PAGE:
The UK Group of Seven Nations on Friday agreed on policies for the use of cross-border data and digital commerce, described as a breakthrough that could open up hundreds of billions of dollars in international trade.
The trade ministers of the seven groups reached an agreement at a meeting in London on Friday. This agreement establishes a neutrality between the most regulated data security systems used in European countries and the open approach of the United States.
“We oppose digital protectionism and dictatorship.
Digital commerce is broadly defined as the trade of goods or services that are digitally executed or delivered, and includes activities ranging from film and television distribution to professional services.
For Britain alone, long-distance trade accounted for 6 326 billion ($ 448.09 billion) or a quarter of its total trade in 2019, according to official government data.
But various rules governing the use of customer data can create significant barriers, especially for small and medium-sized businesses where compliance is complex and costly.
The agreement reached on Friday is the first step in reducing these barriers and will lead to a general rule book for digital commerce.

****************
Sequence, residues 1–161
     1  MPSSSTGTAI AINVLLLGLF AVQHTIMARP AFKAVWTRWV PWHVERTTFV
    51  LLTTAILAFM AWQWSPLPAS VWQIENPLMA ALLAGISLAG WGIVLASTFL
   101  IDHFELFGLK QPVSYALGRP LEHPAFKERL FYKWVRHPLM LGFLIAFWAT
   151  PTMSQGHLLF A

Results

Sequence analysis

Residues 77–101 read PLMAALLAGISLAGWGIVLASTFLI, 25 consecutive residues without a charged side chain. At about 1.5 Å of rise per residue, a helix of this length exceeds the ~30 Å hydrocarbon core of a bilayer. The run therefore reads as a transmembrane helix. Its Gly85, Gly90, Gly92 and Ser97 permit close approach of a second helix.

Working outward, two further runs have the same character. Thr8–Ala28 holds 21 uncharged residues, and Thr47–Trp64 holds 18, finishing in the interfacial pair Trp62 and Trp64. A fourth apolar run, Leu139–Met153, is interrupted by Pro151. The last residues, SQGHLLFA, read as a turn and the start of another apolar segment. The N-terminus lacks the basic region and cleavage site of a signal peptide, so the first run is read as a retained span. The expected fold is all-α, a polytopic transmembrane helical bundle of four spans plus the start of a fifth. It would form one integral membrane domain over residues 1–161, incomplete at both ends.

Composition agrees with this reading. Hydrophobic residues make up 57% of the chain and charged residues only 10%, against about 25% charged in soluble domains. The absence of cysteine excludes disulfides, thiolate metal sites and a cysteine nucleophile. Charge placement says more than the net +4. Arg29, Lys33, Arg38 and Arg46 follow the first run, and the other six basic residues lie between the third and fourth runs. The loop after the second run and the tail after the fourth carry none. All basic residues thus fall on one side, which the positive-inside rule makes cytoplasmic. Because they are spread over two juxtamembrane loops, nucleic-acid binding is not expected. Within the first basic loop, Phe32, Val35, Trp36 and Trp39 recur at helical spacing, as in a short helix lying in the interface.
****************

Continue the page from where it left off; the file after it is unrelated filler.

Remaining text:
Policies cover open digital markets; Data flows across borders; Guarantees for workers, consumers and businesses; Digital trading systems. The report states that global governance is fair and inclusive.
“As we continue to address privacy, data protection, intellectual property protection and security, we must address unnecessary barriers to cross-border data flows,” the appendix to the document states.
A British official familiar with the deal said: “This deal is a real step forward as a result of ruthless diplomatic tensions.
He added: “We depend on digital commerce every day, but for many years the global rules of the game have been a wild West.
The G7 includes the United States, Japan, Germany, Britain, France, Italy and Canada.
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